By Brian Wheeler
BBC News politics reporter
John Prescott has been attacked by the press for allegedly putting two fingers up at the Conservatives during prime minister's questions in the Commons.
The deputy prime minister can clearly be seen waving a pair of digits at the baying benches opposite, as Tony Blair answers a question on climate change.
Closer inspection of the tape suggests Mr Prescott may simply have been using his fingers to emphasise a point rather than deliberately making a rude "v-sign".
Or perhaps the veteran Labour minister was employing a classic piece of playground innuendo - making a point and syly sticking two fingers up at the enemy at the same time.
Either way, it is not the first time Mr Prescott has let his fingers do the talking.
In 2001, suspicions were aroused when, during an election rally, he raised first one finger and then another to illustrate how Labour had delivered social justice and economic stability.
The lingering v-sign that resulted was written off as innocent mistake.
Mr Prescott lets his fingers do the talking
Two years later Mr Prescott appeared to flash a v-sign at photographers outside Downing Street.
In January this year, he was apparently at it again, snapped with two fingers aloft at a "sustainable communities summit" in Manchester.
Some critics have suggested such behaviour - deliberate or otherwise - brings the office of deputy prime minister into disrepute, but perhaps they are ignoring the noble lineage of the two fingered gesture.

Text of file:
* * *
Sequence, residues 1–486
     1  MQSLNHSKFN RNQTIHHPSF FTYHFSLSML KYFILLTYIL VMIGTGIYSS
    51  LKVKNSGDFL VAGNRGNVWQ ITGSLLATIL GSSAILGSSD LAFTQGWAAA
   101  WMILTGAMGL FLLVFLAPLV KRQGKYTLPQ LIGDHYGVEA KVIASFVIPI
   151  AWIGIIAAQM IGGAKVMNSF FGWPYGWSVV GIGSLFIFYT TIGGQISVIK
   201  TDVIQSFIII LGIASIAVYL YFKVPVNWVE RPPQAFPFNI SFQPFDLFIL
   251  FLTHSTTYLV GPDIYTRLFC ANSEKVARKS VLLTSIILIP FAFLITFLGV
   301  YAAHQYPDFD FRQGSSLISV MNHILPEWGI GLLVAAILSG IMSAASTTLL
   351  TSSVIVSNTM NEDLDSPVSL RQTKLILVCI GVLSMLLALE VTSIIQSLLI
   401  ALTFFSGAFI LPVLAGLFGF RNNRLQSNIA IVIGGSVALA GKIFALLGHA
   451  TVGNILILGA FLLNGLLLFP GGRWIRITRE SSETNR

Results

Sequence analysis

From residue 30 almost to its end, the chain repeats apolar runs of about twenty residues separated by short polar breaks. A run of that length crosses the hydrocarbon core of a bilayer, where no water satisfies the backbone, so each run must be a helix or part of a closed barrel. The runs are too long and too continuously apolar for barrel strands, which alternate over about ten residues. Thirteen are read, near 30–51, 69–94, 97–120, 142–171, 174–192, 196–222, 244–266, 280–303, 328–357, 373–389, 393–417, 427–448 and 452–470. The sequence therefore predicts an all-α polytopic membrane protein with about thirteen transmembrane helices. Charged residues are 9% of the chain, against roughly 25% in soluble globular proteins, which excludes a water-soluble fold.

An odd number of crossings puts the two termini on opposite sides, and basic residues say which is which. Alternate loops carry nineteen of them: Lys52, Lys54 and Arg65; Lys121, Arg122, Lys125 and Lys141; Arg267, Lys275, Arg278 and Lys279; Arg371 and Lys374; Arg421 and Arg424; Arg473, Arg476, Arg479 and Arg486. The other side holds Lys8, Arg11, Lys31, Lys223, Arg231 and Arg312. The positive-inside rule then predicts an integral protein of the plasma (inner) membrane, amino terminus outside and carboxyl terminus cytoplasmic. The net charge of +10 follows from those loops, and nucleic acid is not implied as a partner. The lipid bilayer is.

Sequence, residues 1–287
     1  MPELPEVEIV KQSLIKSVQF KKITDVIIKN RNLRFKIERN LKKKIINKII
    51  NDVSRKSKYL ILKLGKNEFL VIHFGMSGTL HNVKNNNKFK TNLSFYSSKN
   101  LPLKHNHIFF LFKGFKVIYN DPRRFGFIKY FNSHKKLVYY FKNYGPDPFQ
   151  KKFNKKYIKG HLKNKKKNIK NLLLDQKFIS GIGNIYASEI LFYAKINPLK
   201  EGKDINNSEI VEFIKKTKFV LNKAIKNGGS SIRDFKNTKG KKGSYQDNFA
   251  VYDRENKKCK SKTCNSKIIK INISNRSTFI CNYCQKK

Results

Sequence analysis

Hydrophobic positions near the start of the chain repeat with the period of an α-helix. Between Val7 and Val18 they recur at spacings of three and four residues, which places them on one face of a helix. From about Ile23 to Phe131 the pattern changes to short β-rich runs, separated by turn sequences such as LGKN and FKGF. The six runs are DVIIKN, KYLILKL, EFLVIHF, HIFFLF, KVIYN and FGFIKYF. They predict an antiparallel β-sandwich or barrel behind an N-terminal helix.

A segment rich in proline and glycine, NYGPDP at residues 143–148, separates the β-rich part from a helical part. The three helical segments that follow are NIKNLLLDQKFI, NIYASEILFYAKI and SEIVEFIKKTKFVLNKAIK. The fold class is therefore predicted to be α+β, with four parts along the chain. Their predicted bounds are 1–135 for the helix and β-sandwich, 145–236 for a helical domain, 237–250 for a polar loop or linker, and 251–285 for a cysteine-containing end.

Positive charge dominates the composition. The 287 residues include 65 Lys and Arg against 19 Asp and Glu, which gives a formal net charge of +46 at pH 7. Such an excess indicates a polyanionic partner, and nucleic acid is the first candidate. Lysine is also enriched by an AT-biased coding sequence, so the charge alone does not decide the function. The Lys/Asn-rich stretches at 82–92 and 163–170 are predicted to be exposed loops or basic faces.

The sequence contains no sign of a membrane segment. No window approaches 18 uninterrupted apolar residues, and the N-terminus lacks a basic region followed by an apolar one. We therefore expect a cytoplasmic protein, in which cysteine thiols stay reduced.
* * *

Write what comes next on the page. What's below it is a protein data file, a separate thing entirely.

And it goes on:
The v-sign, with knuckles facing forward, is a uniquely British symbol of defiance.
Not for Mr Prescott the more fashionable, raised middle finger favoured by the Americans and, thanks to Hollywood, angry motorists, surly teenagers and posturing rock stars the world over.
Britons have been sticking two fingers up since the Middle Ages.
A message for the press - no make that two messages
As any saloon bar historian will tell you, the gesture dates back to English archers at Agincourt in 1415, who stuck up two fingers in defiance of the French threat to cut off their fingers if captured.
Winston Churchill was rarely seen in public without two fingers proudly aloft - denoting v for victory.
Mr Churchill normally had his palms facing forward but, according to the Churchill archive, there are also pictures of him giving the v sign the Prescott way.
The v-sign as rude gesture reached a peak of popularity in the 1970s, when show jumper Harvey Smith - like Mr Prescott a bluff northerner adrift in a world of toffs - made it his trademark.
In 1990, the Sun newspaper did its bit for the entente cordiale by urging its readers to stick two fingers up at then President of the European Commission Jacques Delors.
Its "Up Yours, Delors" front page attracted scores of complaints about its alleged racism.
But the now defunct Press Council cleared the newspaper after it said it reserved the right to use vulgar abuse whenever it felt it justified in the interests of the British people.
With Anglo-French relations again at something of a low point, perhaps the real targets of Mr Prescott's two fingered tribute were not sitting on the benches opposite after all...